Am J Pathol 171:484-95. 2007
    ..These studies establish a pathophysiologic role for CXCR3 and its ligand during wound repair...
  4. pmc ELR-negative CXC chemokine CXCL11 (IP-9/I-TAC) facilitates dermal and epidermal maturation during wound repair
    Cecelia C Yates
    Department of Pathology, University of Pittsburgh and Pittsburgh Veteran s Administration Medical Center, Pittsburgh, Pennsylvania 15261, USA
    Am J Pathol 173:643-52. 2008
    ..We conclude that IP-9 is a key ligand in the CXCR3 signaling system for wound repair, promoting re-epithelialization and modulating the maturation of the superficial dermis...
  5. pmc Delayed reepithelialization and basement membrane regeneration after wounding in mice lacking CXCR3
    Cecelia C Yates
    Department of Pathology, University of Pittsburgh, Pittsburgh, Pennsylvania 15261, USA
    Wound Repair Regen 17:34-41. 2009
    ..These studies further establish the emerging signaling network that involves the CXCR3 chemokine receptor and its ligands as a key regulator of wound repair...
  6. pmc IP-10 induces dissociation of newly formed blood vessels
    Richard J Bodnar
    Pittsburgh Veterans Affairs Medical Center, Pittsburgh, PA 15240, USA
    J Cell Sci 122:2064-77. 2009
    ..This is the first direct evidence for an extracellular signaling mechanism through CXCR3 that causes the dissociation of newly formed blood vessels followed by cell death...
  7. pmc Lack of CXC chemokine receptor 3 signaling leads to hypertrophic and hypercellular scarring
    Cecelia C Yates
    University of Pittsburgh, Department of Pathology, Pittsburgh, PA 15261, USA
    Am J Pathol 176:1743-55. 2010
    ....
  8. pmc Matrix control of scarring
    Cecelia C Yates
    Department of Pathology, University of Pittsburgh, Pittsburgh, PA 15261, USA
    Cell Mol Life Sci 68:1871-81. 2011
    ..This is particularly true of the inducers of scar formation. Here, we present a hypothesis that it is the matrix itself that is a primary driver of scar, rather than being simply the result of other cellular dysregulations...
  9. pmc Transplanted fibroblasts prevents dysfunctional repair in a murine CXCR3-deficient scarring model
    Cecelia C Yates
    Department of Pathology and McGowan Institute for Regenerative Medicine, University of Pittsburgh and Pittsburgh VAMC, Pittsburgh, PA 15261, USA
    Cell Transplant 21:919-31. 2012
    ..These suggest that the major determinant of healing versus scarring lies with the nature of the matrix. These findings have intriguing implications for rational cellular interventions aimed at promoting wound healing via cell therapy...
  10. pmc MuRF2 regulates PPARĪ³1 activity to protect against diabetic cardiomyopathy and enhance weight gain induced by a high fat diet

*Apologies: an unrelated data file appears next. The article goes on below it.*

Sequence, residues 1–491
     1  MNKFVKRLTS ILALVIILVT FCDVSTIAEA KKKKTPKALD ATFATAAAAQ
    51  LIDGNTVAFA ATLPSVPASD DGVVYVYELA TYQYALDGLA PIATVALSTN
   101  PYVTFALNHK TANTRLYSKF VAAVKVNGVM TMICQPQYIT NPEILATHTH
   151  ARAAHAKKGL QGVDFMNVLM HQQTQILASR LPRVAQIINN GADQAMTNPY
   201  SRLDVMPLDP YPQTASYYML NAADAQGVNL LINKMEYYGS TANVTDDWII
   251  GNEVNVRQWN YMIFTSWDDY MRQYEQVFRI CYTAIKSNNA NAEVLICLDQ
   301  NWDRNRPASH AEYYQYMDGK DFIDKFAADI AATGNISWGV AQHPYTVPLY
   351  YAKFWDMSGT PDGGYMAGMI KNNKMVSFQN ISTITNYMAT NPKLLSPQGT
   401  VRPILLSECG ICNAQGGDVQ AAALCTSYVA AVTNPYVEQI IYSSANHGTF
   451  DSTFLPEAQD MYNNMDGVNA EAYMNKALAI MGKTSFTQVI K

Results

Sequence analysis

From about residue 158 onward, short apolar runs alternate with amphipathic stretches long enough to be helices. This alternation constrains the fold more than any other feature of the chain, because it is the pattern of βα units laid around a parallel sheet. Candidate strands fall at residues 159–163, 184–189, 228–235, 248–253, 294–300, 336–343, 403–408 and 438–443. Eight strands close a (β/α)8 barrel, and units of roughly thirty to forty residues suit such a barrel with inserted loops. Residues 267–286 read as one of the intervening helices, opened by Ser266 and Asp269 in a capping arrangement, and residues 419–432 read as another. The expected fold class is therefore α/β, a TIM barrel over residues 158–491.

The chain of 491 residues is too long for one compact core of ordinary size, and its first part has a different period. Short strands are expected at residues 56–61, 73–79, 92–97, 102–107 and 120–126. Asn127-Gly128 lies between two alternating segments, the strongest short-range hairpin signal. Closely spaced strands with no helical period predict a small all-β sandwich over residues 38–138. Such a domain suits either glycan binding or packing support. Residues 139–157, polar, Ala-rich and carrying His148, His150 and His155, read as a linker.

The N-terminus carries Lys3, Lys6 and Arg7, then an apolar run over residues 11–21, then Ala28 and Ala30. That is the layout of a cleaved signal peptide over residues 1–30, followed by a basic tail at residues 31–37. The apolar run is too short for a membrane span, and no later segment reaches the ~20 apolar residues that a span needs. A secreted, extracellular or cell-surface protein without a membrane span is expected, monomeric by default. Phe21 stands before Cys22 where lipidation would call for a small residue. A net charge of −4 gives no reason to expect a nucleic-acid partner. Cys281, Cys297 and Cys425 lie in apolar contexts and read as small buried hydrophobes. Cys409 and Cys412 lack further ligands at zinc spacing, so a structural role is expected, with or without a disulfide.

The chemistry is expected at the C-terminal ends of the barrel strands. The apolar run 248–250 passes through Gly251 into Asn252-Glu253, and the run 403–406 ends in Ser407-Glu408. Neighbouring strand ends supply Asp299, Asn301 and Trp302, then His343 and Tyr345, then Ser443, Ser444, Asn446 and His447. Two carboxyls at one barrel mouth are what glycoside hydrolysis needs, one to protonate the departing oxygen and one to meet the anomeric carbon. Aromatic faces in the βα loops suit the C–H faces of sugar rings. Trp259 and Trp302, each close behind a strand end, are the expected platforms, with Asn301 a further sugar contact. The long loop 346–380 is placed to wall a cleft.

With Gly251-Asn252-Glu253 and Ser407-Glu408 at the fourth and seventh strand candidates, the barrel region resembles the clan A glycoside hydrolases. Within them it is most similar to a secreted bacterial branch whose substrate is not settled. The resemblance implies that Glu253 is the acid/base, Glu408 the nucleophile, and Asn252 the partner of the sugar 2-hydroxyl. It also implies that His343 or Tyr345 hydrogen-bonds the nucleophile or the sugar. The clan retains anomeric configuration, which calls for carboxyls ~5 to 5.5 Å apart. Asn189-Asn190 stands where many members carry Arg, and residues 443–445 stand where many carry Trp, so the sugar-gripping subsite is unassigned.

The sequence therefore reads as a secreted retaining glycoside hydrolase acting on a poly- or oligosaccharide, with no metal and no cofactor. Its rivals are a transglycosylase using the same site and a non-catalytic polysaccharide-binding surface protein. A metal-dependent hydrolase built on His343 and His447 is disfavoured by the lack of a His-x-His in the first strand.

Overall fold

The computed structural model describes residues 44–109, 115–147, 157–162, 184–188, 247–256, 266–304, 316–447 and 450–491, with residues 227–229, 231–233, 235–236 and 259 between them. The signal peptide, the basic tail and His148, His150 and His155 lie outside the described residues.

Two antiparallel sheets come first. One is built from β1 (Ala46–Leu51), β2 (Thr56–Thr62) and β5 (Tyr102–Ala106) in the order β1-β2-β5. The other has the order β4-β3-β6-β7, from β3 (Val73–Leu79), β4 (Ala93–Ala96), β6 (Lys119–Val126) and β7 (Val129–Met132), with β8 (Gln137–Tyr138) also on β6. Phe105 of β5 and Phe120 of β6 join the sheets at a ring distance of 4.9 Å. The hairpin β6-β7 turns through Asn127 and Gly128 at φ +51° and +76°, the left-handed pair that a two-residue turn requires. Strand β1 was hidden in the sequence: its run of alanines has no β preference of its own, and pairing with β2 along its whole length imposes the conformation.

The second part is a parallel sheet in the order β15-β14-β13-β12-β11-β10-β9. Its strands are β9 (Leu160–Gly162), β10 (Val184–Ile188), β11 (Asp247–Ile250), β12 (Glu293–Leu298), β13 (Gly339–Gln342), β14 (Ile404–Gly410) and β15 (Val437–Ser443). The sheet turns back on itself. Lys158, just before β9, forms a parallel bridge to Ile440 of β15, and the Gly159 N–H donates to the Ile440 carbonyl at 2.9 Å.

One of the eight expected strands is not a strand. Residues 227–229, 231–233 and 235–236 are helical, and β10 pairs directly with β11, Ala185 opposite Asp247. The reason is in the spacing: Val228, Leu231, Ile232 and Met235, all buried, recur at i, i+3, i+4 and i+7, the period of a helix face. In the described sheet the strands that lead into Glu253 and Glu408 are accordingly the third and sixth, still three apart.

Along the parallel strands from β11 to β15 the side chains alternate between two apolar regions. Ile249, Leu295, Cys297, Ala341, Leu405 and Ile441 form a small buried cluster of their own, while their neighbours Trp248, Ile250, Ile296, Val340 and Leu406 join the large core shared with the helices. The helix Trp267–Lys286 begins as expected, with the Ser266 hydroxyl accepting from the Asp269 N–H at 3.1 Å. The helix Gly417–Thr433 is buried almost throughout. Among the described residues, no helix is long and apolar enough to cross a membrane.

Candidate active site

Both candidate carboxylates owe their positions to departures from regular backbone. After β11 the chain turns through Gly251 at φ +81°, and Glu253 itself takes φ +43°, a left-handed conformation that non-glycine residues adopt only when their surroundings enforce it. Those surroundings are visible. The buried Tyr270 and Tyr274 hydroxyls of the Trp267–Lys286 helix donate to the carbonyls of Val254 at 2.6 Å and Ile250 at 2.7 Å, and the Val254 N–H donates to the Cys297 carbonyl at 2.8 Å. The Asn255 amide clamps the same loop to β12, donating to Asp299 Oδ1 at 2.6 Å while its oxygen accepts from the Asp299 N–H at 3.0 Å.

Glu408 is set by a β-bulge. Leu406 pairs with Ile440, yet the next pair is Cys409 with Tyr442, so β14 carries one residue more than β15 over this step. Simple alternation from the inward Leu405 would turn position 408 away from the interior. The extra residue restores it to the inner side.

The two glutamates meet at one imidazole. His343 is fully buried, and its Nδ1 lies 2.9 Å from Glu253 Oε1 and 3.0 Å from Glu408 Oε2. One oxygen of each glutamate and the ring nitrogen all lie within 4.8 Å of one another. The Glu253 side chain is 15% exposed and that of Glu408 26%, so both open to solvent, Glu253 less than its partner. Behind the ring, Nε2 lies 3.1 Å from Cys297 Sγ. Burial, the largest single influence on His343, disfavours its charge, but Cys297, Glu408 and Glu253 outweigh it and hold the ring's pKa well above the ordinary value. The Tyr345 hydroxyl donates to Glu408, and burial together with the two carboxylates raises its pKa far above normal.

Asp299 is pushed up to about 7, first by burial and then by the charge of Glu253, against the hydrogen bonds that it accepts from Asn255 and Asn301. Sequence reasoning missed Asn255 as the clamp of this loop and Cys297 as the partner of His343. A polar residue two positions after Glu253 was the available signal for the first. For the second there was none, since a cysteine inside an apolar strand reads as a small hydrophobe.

Jun He
    Department of Pathology and Laboratory Medicine, University of North Carolina, 111 Mason Farm Road, MBRB 2340B, Chapel Hill, NC, USA
    Cardiovasc Diabetol 14:97. 2015
    ..Initial studies of MuRF2-/- hearts revealed enhanced PPAR activity, leading to the hypothesis that MuRF2 regulates PPAR activity by post-translational ubiquitination...
  11. pmc Muscle ring finger-3 protects against diabetic cardiomyopathy induced by a high fat diet
    Megan T Quintana
    Department of Surgery, University of North Carolina, Chapel Hill, NC, USA
    BMC Endocr Disord 15:36. 2015
    ..We recently identified that muscle ring finger-1 (MuRF1) and MuRF2 differentially inhibit PPAR activities by mono-ubiquitination, leading to the hypothesis that MuRF3 may regulate PPAR activity in vivo to regulate DCM...
  12. doi request reprint Multipotent stromal cells/mesenchymal stem cells and fibroblasts combine to minimize skin hypertrophic scarring
    Cecelia C Yates
    Department of Pathology, University of Pittsburgh, 3550 Terrace St, Scaife Hall, S 713, Pittsburgh, PA, 15261, USA
    Stem Cell Res Ther 8:193. 2017
    ..Here, we examine the influence of MSCs on the behavior of cotransplanted fibroblasts, in a manner to provide augmented cellular reserve to debilitated individuals, specifically focusing on matrix remodeling following in-vivo wounding...
  13. pmc An IP-10 (CXCL10)-derived peptide inhibits angiogenesis
    Cecelia C Yates-Binder
    Tuskegee University, Center for Cancer Research, Tuskegee, Alabama, United States of America
    PLoS ONE 7:e40812. 2012
    ..IP-10p provides a novel therapeutic agent that inhibits endothelial cell function thus, allowing for the modulation of angiogenesis...